Current status
Start date
End date
A: Transport Hub at Colin Town Centre
COMPLETED 4 September 2017
22 March 2019
C: Stewartstown Road (Upper Dunmurry Lane [Michael Ferguson Roundabout] to McKinstry Roundabout) £3.63m
COMPLETED 28 June 2017 (previously June 2016)
June 2018
D: Andersonstown/Stewartstown Road (Finaghy Road North to Upper Dunmurry Lane [Michael Ferguson Roundabout])
25 January 2016
(previously Mar 2015)
17 April 2017
E: Falls Road/Andersonstown Road (Whiterock Road to Finaghy Road North)

20 February 2017 (changed from June 2016)
June 2018
F: Falls Road (Grosvenor Road to Whiterock Road)
8 September 2014
2 November 2015
(previously Jul and then Aug 2015)
G: Divis Street/Falls Road (Millfield to Grosvenor Road)
12 October 2015
(previously May 2015)
28 February 2017
H: Albertbridge Road (Castlereagh Street to Newtownards Road)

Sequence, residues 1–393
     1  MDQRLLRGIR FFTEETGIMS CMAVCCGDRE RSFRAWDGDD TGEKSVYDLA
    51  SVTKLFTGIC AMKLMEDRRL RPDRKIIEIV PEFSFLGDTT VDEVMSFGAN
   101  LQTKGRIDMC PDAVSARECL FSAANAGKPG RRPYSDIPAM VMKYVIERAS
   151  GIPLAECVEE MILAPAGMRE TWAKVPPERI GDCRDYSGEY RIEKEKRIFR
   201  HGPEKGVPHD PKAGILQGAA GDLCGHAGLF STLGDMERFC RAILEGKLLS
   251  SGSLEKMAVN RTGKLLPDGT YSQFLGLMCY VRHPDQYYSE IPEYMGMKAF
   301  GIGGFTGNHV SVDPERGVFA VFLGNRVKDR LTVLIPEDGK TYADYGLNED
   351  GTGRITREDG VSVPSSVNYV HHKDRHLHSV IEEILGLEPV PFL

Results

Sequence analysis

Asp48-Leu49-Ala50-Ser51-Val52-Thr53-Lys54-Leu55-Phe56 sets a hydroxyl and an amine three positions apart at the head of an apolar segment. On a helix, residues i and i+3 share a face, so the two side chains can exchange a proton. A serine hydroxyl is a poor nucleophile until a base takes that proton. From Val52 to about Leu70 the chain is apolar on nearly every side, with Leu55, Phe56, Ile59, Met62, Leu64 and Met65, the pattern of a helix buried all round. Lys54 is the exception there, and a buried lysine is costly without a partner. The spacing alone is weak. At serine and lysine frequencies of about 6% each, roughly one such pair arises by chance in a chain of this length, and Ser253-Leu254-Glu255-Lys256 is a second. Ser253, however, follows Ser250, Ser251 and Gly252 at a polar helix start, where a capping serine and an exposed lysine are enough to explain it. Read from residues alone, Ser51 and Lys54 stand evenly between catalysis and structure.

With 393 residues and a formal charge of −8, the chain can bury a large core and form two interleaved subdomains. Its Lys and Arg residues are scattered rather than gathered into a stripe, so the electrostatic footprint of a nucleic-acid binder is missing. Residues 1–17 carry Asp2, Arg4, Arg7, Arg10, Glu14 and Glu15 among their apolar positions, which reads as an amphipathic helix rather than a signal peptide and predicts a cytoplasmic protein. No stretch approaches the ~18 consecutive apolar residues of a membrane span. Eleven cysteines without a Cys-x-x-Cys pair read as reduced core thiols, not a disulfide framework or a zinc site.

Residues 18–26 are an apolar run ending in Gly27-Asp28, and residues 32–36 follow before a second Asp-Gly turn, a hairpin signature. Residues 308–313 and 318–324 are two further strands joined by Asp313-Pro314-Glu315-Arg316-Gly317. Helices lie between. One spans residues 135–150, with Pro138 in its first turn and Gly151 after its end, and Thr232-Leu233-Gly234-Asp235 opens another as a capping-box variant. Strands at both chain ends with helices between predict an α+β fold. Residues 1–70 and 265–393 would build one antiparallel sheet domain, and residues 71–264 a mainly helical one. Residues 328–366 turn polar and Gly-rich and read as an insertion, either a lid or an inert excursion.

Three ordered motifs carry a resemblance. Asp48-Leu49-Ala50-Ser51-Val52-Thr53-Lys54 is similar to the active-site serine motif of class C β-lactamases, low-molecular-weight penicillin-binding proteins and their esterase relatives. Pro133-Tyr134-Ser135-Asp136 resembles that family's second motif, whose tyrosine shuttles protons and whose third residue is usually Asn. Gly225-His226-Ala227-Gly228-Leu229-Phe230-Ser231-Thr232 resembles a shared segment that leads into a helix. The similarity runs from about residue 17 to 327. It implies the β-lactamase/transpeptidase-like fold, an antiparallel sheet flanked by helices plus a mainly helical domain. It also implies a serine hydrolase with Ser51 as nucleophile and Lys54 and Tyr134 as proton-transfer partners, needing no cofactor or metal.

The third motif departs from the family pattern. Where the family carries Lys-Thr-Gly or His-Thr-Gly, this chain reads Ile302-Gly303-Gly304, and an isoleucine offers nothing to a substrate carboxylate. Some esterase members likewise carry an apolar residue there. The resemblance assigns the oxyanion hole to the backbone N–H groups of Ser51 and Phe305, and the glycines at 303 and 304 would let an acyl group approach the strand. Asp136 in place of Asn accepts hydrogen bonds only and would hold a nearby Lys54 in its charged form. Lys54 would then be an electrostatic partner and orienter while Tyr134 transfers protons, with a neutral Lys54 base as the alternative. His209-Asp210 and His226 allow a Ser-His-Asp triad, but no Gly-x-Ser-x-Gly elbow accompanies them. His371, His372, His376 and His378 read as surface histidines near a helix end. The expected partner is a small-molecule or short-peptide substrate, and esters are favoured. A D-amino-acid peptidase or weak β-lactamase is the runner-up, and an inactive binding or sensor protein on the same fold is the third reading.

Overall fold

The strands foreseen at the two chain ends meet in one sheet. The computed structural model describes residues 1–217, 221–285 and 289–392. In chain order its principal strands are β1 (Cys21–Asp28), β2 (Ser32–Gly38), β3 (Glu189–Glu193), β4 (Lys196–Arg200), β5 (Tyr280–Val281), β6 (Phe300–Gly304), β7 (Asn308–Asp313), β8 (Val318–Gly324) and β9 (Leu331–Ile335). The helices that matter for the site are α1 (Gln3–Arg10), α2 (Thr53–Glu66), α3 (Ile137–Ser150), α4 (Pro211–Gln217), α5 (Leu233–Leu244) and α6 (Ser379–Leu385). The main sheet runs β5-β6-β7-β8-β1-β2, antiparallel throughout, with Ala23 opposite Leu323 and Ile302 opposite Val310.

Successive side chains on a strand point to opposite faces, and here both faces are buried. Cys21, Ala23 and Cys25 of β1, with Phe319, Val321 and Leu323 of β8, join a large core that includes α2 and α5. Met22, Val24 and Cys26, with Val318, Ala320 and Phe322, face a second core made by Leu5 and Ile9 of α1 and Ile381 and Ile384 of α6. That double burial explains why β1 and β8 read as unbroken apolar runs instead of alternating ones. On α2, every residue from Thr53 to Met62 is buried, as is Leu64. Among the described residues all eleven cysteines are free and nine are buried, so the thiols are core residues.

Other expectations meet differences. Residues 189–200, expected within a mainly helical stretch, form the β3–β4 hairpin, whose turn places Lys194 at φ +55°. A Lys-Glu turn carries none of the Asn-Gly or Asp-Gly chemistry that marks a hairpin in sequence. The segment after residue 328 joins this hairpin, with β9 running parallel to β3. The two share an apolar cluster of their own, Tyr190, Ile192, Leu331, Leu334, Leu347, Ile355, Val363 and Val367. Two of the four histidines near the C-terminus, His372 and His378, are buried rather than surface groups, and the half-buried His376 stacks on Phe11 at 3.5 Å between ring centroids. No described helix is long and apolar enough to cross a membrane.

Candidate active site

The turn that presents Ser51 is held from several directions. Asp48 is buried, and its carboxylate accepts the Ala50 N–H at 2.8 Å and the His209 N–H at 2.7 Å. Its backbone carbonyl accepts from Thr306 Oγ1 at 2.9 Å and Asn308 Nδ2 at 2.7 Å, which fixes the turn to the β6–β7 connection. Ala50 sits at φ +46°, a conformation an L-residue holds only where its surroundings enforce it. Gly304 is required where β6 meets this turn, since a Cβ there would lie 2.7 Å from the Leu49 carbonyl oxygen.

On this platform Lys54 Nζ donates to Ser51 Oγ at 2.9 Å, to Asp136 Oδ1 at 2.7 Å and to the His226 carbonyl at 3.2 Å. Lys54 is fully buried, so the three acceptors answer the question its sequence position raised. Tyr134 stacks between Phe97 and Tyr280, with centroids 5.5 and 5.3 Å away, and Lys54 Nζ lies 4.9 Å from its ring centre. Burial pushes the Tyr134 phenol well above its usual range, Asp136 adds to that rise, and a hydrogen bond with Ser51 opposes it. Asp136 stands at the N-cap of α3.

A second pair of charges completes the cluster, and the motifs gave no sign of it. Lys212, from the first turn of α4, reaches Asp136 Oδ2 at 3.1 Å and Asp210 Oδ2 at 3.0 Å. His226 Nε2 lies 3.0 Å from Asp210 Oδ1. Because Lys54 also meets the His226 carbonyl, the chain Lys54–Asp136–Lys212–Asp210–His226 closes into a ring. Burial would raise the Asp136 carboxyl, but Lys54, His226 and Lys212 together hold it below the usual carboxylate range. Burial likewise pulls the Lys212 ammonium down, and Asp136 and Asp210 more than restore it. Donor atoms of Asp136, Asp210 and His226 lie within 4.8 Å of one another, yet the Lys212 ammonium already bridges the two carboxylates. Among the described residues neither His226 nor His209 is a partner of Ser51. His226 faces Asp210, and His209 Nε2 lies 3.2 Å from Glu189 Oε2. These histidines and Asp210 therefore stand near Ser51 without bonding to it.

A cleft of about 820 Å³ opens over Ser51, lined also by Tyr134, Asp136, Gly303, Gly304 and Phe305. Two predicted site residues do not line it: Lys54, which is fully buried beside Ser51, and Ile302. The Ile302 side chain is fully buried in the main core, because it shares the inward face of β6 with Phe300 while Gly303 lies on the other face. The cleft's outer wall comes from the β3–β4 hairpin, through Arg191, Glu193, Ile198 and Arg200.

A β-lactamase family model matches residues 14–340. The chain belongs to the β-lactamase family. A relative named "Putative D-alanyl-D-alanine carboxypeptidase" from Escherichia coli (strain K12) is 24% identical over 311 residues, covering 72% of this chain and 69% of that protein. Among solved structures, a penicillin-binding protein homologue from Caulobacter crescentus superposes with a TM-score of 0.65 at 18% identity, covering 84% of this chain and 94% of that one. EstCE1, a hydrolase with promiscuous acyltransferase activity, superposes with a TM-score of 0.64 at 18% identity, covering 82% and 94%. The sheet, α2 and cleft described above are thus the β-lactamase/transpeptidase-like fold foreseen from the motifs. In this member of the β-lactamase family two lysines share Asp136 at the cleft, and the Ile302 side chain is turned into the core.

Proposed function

COMPLETED 29 August 2016 (previously Apr 2016)
13 August 2017
J: Upper Newtownards Road (Albertbridge Road to Sandown Road)
COMPLETED 15 June 2015
27 March 2016 (previously Nov 2015)
K: Upper Newtownards Road (Sandown Road to Knock Road) c£1.43m COMPLETED
23 June 2014 27 March 2015
L: Upper Newtownards Road (Knock Road to Dunlady Road, Dundonald) c£3.3m COMPLETED 5 June 2017
July 2018
M: Dundonald Park-and-Ride
c£1.57m COMPLETED 19 May 2014 1 December 2014
N: Titanic Quarter ("CITI" route) along with city centre works
COMPLETED 4 September 2017
June 2018

Progress on Belfast
                          Rapid Transit
Map showing the various elements of the project and their progress on the date shown.

Historical Background – The Financial Case for a Bus-Based System